A group of the world’s richest nations that pledged US$8.5-billion (R132-billion) in climate finance to South Africa wants the money to be used to retire coal-fired power plants, according to a senior US official involved in the talks, damping suggestions some could be channelled to producing electric vehicles and green hydrogen.
The funds pledged by the US, UK, France, Germany and the European Union and announced at the Cop26 climate summit in Glasgow in November, can also be utilised to construct renewable energy facilities, the official said, asking not to be identified as the talks are private.
The money can also be used to:
- Strengthen South Africa’s grid to make it easier for renewable energy producers to access the grid; and
- Cushion communities dependent on coal during the transition to green energy.
The aim is to conclude a deal, complete with investment plans, by the Cop27 climate summit in Egypt in November at the latest, the official said.
The stance helps clear doubts about the use of the funds. Eskom had initiated the talks last year in a bid to raise money to help reduce its reliance on the coal that is used to generate more than 80% of South Africa’s electricity. Meanwhile, the trade, industry & competition ministry has been lobbying to use the financing to develop new, climate-friendly sectors in the economy, such as electric vehicles and green hydrogen.
When initially announced, the deal was hailed as one of the standout achievements at Cop26 and is seen as a prototype of a funding model that could be used to decarbonise other coal-dependent nations. South Africa is the world’s 12th biggest source of greenhouse gases, with Eskom accounting for about 40% of its emissions.
The option of channelling money to other industries was raised soon after talks on the details of the deal began. South Africa’s motor industry is one of its biggest exporters and needs to transition to electric vehicles to maintain its market share, while an abundance of sun and wind means the country could be a competitive green-hydrogen producer.
Any money for electric cars and hydrogen will likely come from bilateral deals as the closure of coal plants will be a quicker way of cutting global emissions, the official said. In February, President Cyril Ramaphosa spoke of plans to attract R275-billion of investment into a green hydrogen industry and trade minister Ebrahim Patel said Germany had identified the nation as a potential source of the fuel.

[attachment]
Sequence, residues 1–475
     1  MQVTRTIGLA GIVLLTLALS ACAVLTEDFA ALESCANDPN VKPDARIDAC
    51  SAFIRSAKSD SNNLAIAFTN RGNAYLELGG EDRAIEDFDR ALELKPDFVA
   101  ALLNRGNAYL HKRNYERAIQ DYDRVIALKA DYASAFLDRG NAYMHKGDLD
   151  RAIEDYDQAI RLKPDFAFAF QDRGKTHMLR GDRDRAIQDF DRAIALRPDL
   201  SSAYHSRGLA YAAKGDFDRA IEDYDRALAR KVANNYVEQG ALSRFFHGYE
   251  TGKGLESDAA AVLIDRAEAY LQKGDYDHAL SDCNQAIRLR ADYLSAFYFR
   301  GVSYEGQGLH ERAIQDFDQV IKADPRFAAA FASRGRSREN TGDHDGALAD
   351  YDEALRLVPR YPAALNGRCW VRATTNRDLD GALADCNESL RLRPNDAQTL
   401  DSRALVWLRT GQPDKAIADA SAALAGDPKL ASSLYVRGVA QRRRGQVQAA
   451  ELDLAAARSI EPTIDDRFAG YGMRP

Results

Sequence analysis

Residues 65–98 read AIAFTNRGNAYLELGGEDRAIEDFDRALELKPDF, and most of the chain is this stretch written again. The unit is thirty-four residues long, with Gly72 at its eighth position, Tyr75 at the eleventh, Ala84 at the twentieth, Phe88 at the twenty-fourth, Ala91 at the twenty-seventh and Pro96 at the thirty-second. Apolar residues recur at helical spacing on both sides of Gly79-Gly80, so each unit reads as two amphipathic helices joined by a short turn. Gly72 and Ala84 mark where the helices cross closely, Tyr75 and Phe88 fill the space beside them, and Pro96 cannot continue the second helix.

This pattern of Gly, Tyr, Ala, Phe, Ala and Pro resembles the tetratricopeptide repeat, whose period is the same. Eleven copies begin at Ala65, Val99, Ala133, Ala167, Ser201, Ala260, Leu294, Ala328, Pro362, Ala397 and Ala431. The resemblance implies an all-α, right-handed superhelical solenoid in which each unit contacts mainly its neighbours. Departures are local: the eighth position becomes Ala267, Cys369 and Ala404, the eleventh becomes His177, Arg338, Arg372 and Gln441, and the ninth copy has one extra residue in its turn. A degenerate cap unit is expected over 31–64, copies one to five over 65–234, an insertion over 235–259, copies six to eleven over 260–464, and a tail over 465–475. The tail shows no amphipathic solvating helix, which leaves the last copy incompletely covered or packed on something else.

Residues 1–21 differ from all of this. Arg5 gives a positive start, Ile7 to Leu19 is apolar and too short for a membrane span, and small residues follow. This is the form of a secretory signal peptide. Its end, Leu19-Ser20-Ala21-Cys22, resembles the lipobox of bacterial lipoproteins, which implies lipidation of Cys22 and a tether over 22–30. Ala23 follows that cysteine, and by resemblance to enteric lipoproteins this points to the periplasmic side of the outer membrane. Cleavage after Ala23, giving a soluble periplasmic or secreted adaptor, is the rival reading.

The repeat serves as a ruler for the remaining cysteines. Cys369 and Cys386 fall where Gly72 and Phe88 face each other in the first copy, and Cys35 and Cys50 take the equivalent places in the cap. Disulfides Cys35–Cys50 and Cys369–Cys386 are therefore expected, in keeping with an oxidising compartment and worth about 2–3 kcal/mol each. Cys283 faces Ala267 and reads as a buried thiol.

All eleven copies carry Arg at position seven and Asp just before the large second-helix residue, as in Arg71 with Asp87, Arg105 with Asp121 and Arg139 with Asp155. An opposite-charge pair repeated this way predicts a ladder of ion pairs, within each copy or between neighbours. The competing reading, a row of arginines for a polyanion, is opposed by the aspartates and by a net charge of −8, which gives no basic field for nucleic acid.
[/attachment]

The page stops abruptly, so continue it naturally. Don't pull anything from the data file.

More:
Green hydrogen, which is made by splitting water using renewable energy, is seen as a way of decarbonising activities such as steelmaking and shipping. The country doesn’t currently make green hydrogen on a commercial scale or produce any electric vehicles.
Eskom and the department of trade, industry & competition didn’t immediately respond to queries.
The $8.5 billion, which will come in the form of concessional loans and grants, could also be a catalyst for additional private investment, the official said.
Eskom has proposed closing a number of its 17 coal-fired plants and replacing them with renewable energy and possibly gas, as well as converting the stations to other uses to limit the impact on jobs. There are about 90 000 coal miners in South Africa with most mines and coal-fired plants in Mpumalanga province.
Funding for transmission lines would see the grid strengthened in the Northern Cape, an arid province with almost uninterrupted sunlight, and in the Eastern Cape, which is suited to wind plants. Eskom, which has forecast that it will have R416-billion in debt by the end of March, has previously estimated that it needs R180-billion to expand its transmission and distribution networks. — (c) 2022 Bloomberg LP